In the end, weeks of being characterized as Boring Girl representation for Euphoria allowed Maude Apatow’s Lexi to shine. It was by her own design: she designed it herself
She’s been working on a play based on her experience in season 2, and episode 7 was when it became a fully produced, very well-funded production. While Lexi was most concerned about how her sister would take it, the splash radius was actually rather larger owing to the fact that most major characters were the inspiration for her substantially fictionalized performance.
With “The Theater and Its Double,” Euphoria enters the long line of combining a play with another medium to try to figure out what the characters have been through.
The storytelling technique of the Plot-Driven Storyline is based on conventions that date back a long time—Hamlet, for example, employed the motif to elicit bad guys face their misdeeds. However, it’s given us some really fantastic TV moments (see: The Simpsons’ Hamlet recreation). Euphoria goes above and beyond in terms of convention breaking.
After all, the program is no stranger to mimic high art as much as it is to translate itself into incomprehensible options like as Kat ignoring her lover until he breaks up with her.
There’s a case to be made for high school being the setting for so many turbulent, nonlinear changes. A staged reenactment of events (on stage or otherwise) manages to capture both the narrative twist while also eliminating some of the awkwardness surrounding it, as opposed to a Twitter thread or an artist’s statement.
The Last Airbender’s “The Ember Island Players,” a virtual clipshow of the series reinterpreted by the authoritarian Fire Nation, finally clarified for the audience what happened to Jet at the end of season 2. “You know, it was really unclear,” Sokka remarks.
Finally, and most importantly, the play-within-another-thing is a mechanism for characters to revisit and process their feelings that doesn’t necessitate having them go through an inane psychotherapist who encourages them to split their psyche only to say, “that’s our time.”
“This is what happens when you put a child in front of the camera without warning,” he says. “It’s beautiful to see someone’s reaction overwhelm them in real time, whether it’s Abed’s father seeing his son’s film about the divorce in Community. In How I Met Your Mother, Ted Mosby is struggling to deal with his complicated feelings about getting married and becoming someone else’s romantic comedy.
It reveals something more profound about their relationship.
In Euphoria’s “The Theater and Its Double,” these silent moments are mostly wordless, at least to the audience. We don’t get to hear what Maddy and Kat are saying. People tend to work in isolation, but it’s interesting how they check in with one another — Rue takes most of the revealing tales Lexi tells about their friendship in stride, but she frequently scans the crowd for Jules or Nate’s response.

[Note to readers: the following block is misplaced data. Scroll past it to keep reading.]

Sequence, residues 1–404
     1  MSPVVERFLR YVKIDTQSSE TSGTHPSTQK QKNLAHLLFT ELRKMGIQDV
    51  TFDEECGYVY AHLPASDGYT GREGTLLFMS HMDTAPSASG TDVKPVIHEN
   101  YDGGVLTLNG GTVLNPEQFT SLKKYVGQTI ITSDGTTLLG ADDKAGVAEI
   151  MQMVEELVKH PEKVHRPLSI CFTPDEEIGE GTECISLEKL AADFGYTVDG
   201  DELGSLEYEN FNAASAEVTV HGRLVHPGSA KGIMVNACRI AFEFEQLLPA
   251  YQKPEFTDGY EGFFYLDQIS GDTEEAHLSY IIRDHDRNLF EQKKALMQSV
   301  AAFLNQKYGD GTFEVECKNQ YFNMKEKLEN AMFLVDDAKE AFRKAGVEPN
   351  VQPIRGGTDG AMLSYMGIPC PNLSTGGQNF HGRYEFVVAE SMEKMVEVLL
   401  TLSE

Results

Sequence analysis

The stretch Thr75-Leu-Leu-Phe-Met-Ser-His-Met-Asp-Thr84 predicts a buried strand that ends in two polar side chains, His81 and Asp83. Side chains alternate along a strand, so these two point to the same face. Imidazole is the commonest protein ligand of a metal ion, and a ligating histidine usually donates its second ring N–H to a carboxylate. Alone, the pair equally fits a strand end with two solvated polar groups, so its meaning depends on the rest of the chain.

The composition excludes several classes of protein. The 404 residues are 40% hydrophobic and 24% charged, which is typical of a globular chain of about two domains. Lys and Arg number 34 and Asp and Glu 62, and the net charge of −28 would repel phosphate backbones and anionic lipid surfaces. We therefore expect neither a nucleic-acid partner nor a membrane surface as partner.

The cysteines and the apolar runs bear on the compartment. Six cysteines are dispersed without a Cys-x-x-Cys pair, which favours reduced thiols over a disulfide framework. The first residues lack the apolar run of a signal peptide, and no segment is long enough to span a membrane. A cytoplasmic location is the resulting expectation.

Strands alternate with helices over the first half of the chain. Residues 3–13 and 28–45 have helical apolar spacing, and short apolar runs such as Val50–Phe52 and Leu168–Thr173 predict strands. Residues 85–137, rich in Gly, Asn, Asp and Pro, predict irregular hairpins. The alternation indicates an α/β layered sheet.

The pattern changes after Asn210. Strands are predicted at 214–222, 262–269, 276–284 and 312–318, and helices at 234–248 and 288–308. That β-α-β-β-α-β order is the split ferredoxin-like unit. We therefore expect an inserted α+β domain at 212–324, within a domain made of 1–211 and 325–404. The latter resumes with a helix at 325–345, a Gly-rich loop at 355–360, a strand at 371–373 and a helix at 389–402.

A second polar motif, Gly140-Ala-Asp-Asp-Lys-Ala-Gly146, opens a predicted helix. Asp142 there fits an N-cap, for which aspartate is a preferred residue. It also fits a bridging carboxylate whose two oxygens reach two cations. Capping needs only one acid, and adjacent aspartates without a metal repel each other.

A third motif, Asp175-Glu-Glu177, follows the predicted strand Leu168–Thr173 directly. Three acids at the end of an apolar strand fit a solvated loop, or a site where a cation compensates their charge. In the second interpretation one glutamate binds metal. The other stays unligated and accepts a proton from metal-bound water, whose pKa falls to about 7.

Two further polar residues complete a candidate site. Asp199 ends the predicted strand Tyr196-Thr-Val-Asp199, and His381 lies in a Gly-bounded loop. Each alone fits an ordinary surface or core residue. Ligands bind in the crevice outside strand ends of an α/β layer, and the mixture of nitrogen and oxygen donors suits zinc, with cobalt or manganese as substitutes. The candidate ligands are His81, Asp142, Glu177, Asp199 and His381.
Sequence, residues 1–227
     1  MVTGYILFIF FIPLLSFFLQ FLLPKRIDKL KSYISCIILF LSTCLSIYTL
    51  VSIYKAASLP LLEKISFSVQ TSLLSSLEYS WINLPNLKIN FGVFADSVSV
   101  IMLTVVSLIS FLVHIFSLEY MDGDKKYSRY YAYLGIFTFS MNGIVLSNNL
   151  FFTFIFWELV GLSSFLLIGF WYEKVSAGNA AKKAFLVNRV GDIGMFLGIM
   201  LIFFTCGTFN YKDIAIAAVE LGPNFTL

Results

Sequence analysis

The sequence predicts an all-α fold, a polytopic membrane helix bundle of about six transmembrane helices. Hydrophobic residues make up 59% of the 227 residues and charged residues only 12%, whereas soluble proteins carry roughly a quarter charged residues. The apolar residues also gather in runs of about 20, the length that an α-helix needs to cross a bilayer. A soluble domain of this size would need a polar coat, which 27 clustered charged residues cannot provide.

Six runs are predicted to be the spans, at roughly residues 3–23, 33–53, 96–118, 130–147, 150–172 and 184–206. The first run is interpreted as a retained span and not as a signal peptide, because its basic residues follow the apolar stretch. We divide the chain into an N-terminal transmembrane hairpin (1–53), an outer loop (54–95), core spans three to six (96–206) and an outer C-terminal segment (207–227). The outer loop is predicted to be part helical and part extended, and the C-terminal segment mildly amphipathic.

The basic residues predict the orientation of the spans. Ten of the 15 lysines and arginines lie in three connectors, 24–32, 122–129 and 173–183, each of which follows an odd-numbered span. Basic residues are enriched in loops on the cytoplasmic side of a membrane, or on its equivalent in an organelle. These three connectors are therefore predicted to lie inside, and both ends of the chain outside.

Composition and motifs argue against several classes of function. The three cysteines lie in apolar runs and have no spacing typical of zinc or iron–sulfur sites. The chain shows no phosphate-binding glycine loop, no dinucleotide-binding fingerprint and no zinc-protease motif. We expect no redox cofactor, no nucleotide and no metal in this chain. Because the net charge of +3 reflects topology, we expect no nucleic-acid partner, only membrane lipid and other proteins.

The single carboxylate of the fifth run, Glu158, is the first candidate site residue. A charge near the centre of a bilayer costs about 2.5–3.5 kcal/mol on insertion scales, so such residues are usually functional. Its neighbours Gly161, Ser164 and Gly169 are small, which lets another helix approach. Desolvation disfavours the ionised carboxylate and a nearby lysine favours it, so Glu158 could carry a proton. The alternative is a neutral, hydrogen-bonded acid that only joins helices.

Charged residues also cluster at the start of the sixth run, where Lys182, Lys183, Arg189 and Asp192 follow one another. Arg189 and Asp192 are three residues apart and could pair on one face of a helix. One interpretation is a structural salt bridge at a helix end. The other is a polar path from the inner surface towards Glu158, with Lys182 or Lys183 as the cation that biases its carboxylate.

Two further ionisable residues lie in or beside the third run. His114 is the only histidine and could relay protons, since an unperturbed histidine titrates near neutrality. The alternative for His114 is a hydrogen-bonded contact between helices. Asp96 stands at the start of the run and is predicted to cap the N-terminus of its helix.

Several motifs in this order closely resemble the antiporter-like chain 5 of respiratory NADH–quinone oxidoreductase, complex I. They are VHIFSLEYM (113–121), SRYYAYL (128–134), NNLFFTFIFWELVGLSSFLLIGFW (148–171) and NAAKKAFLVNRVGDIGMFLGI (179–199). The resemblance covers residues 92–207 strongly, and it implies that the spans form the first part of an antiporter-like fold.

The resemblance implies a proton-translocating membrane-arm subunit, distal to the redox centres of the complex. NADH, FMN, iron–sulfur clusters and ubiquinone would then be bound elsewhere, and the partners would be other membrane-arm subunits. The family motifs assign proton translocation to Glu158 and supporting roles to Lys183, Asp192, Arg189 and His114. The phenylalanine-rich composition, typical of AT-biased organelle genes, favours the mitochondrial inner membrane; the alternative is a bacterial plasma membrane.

Euphoria has utilized this concept before, albeit with a limited perspective. After a full year of Rue’s droll narration chronicling the experiences of people around her, Jules’ unique episode gave her the opportunity to tell her own narrative. Her episode was a trip through her head, and her dreams and anxieties slipped in and out of each scene. Lexi received the same treatment this week, with writer-director Sam Levinson allowing Lexi’s attention to shift between her on-stage memories and their past relevance to her current problems.
In a way, Cassie is both of those things. She’s also, in many respects, Euphoria’s protagonist most swept up by the momentum of the story, unwilling or unable to accept culpability for hooking up with her friend’s ex-boyfriend.
Her attention is naturally with Nate during the performance, and how he’s dealing with this new viewpoint on his life. But while performing a staged father-daughter dance with her character, Cassie also looks to her mother, who does not appear to consider looking back. Instead, Cassie crumples up in tears and pushes the memory away on her own.
The sheer impracticality of trying to communicate with your sister by writing and staging a play only serves to sweeten the whole thing. Euphoria has long been plagued by irrelevant concerns about ” realism” and “The Theater” is deliberately devoid of them, as the production value of (a student-written!) play gives way to rotating sets and a massive. homoerotic musical number
As the crowd applauds for the number, Cassie seethes from the corridor, while Fezco’s fate is left hanging in the air by way of “To be continued…” The whole sequence is indulgent and dramatic, and it’s exactly what Euphoria should do more frequently.